Senior Contributor
Posts: 269
Registered: ‎10-18-2016

Break Even Prices

[ Edited ]

Here are some ISU Ag Decision Maker break-even prices.  Of course, they specify the practices so if you do something different your numbers will be different.


Conventional Corn 100 acres after soybeans.  Figuring 180 bpa yield.  

3.51 per acre.  Does that work for you?

minimum till corn after beans $3.45


Beans after corn.  figuring 50 bpa. 

$9.66 per acre.


From what I can tell, these prices are picked up on the farm.


So, if you want to make $100/acre, you have to sell beans at $11.66 and corn at $4 picked up.  Which is more likely?



Posts: 514
Registered: ‎06-03-2010

Re: Break Even Prices

If I average 180 corn and 50 beans, and a bunch of others do to, you will need to add a couple of bucks to those prices.

Veteran Advisor
Posts: 1,802
Registered: ‎02-11-2013

Re: Break Even Prices



here is our local bids for new crop


corn 3.30


soybeans  9.20


doubt we could do 180 corn or 50 bu beans


Honored Advisor
Posts: 13,027
Registered: ‎05-13-2010

Re: Break Even Prices

Even though around here we`ve had a couple good bean years, I`m still not comfortable plugging in an expected 50 bushel bean yield.  On corn the Sun rises in the east and if I had a calibrated yield monitor it would be pegged over 200.    So $3.50 corn X 200 $700/a gross that`s doable.   Now with beans 45/a X $9 =  $405/a gross even lower inputs doesn`t leave much of a buffer.   But with corn prices, unless you forward sell, a "$3.50 corn" average price might be hard to achieve.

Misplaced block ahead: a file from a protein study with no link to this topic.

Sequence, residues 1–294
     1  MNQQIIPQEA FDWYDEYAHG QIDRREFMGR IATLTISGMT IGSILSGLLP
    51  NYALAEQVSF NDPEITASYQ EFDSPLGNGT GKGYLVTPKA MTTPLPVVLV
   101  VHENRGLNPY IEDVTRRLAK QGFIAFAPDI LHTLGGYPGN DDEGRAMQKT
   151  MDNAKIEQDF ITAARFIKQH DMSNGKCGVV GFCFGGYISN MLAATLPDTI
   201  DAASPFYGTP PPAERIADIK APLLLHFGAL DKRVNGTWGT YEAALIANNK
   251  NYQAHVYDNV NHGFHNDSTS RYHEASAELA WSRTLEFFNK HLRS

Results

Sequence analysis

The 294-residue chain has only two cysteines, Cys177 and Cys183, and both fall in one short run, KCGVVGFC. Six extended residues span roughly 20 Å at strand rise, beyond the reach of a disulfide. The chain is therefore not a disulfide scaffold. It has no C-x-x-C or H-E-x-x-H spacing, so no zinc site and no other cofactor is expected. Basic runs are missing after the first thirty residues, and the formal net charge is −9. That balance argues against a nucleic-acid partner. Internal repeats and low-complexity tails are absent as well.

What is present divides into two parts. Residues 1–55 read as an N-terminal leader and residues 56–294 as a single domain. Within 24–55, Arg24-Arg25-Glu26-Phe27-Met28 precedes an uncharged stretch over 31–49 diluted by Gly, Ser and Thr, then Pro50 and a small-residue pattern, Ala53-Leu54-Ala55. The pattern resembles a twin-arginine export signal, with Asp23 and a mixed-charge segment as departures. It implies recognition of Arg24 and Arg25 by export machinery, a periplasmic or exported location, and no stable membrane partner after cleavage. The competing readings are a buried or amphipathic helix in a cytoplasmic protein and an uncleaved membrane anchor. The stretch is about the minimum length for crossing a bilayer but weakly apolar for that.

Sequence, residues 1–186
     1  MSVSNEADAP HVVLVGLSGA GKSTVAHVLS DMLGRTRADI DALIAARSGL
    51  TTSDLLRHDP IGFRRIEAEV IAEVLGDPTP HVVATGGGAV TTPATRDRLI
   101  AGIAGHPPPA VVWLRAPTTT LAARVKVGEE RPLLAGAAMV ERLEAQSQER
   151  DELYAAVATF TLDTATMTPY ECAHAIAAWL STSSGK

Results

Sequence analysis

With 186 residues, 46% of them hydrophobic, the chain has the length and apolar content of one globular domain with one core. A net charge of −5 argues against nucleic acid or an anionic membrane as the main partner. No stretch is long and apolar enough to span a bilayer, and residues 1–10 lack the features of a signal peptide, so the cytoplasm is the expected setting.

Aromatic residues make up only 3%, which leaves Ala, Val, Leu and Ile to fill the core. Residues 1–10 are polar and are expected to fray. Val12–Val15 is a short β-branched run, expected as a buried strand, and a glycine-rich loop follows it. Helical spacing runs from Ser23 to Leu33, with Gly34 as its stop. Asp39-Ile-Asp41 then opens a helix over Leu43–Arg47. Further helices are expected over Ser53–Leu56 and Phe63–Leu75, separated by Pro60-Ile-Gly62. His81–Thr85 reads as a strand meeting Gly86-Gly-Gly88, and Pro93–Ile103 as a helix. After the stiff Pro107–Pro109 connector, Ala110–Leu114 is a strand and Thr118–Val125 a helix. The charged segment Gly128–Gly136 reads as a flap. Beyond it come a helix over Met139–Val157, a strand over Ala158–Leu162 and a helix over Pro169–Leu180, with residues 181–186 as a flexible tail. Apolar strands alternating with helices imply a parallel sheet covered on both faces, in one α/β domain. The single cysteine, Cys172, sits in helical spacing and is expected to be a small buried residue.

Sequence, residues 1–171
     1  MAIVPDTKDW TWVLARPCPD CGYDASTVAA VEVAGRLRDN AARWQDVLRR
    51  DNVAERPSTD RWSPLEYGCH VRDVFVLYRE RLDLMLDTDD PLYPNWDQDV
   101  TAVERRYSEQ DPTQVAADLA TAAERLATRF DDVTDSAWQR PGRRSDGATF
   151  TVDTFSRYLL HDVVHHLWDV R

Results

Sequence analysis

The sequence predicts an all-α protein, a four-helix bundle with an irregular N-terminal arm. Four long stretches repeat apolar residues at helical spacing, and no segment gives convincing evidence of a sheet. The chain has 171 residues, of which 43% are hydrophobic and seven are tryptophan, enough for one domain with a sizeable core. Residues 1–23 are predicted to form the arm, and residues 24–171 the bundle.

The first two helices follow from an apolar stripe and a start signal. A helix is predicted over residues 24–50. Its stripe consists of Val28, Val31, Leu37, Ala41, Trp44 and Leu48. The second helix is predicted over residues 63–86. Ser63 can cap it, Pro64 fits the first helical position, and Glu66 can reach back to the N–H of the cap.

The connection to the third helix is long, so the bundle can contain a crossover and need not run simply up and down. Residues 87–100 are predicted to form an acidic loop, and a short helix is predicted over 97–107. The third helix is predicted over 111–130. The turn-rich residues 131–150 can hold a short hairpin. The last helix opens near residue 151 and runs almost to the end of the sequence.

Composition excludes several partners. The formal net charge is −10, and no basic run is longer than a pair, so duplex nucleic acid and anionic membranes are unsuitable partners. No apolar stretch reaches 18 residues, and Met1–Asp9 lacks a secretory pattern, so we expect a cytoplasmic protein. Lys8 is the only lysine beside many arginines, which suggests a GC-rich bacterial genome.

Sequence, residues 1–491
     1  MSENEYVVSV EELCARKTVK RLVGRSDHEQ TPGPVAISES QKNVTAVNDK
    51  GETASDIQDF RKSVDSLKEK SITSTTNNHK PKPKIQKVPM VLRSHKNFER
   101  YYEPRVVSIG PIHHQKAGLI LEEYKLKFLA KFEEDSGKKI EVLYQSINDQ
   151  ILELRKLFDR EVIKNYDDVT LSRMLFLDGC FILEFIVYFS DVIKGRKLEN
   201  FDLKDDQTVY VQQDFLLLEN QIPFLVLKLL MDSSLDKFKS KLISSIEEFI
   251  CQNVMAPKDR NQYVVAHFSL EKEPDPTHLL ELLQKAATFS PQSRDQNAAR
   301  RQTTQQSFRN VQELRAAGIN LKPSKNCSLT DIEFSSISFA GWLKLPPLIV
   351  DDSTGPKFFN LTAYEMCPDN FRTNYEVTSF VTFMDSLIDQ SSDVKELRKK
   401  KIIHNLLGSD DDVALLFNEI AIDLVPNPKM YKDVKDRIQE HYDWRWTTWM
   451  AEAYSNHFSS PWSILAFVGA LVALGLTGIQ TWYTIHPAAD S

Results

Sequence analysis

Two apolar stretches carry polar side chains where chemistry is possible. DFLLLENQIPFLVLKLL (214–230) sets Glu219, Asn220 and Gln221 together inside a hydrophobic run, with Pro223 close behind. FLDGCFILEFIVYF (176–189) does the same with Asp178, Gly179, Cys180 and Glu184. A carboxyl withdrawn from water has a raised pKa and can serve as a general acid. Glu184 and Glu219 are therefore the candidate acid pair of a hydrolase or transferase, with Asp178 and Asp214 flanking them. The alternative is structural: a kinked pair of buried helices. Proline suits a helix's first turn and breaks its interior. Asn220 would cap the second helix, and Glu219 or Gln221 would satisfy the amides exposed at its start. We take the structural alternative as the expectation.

Because as coops sweep the silo pre-harvest the price sinks to $2.95 and then rallies to $3.25 when combines roll and maybe goes to $3.35 later harvest.  That what you store might rally to $3.60 before the "John Deere low".   So to get that "$3.50 average you need to have some $3.90 and $4.10 forward sales on the books   Smiley Happy